Mindful forms of exercise—such as gentle yoga, tai chi and qigong—can be helpful to individuals suffering from chronic pain. If you teach one of these disciplines, you may want to reach out to people in pain, especially as a recent study found that they are more prone to commit suicide than those without pain.
To arrive at this conclusion, researchers at Ann Arbor VA Hospital and the University of Michigan, Ann Arbor, examined data from a 2001–2003 epidemiological survey of 5,692 English-speaking adults regarding chronic pain and suicidal thoughts over the previous 12 months.
Adjusted for mental illness and chronic physical conditions, findings revealed that those who suffered from frequent head pain were twice as likely to report having suicidal thoughts and to say they had attempted suicide. Individuals with other types of pain unrelated to arthritis were four times as likely to have tried to commit suicide. Mark Ilgen, PhD, lead study author, psychologist at Ann Arbor VA Hospital and assistant professor at the University of Michigan, told Newswise, “Pain is one of those factors that may make someone feel more hopeless and less optimistic about the future and increases the chances that they will think about suicide. The vast majority of people with any of these forms of pain are not suicidal.”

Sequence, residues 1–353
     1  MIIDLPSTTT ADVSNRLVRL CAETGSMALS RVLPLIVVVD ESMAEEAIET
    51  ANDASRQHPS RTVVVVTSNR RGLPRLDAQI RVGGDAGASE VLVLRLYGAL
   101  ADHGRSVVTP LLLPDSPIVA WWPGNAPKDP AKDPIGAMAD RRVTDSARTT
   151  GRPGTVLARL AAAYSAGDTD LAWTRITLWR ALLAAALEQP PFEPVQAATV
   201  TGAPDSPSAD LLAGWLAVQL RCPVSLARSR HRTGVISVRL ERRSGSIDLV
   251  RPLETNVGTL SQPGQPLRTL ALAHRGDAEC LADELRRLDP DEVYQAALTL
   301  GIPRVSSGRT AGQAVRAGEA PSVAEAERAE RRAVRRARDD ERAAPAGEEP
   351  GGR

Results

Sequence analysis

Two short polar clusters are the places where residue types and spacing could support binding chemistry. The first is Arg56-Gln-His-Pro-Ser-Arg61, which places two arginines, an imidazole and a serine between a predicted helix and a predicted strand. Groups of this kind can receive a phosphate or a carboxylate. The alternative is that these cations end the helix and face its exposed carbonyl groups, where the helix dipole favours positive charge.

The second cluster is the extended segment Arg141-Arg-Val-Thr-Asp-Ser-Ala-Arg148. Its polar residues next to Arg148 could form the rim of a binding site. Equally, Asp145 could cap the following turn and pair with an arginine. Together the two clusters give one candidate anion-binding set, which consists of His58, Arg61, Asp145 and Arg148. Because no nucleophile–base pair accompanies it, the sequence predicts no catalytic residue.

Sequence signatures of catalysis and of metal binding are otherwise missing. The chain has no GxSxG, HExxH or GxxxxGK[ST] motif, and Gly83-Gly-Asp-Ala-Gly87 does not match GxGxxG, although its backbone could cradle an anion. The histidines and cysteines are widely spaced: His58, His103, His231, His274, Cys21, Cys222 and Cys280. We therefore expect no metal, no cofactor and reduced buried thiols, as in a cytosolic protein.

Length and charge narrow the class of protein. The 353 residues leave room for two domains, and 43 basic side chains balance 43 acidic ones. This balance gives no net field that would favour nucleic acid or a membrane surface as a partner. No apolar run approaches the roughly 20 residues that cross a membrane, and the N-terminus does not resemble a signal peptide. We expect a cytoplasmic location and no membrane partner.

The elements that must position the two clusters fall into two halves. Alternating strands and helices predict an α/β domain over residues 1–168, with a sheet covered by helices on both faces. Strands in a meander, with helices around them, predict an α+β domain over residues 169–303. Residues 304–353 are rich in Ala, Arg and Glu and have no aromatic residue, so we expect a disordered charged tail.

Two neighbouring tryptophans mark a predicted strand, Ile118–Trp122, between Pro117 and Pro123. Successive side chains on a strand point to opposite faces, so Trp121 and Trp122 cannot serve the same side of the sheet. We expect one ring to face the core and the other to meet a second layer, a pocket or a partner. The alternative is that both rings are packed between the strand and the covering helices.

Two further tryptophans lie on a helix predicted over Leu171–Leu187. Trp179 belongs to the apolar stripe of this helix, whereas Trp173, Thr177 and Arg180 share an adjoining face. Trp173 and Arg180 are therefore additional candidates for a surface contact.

The study appeared in General Hospital Psychiatry (2008; 30 , 521–27).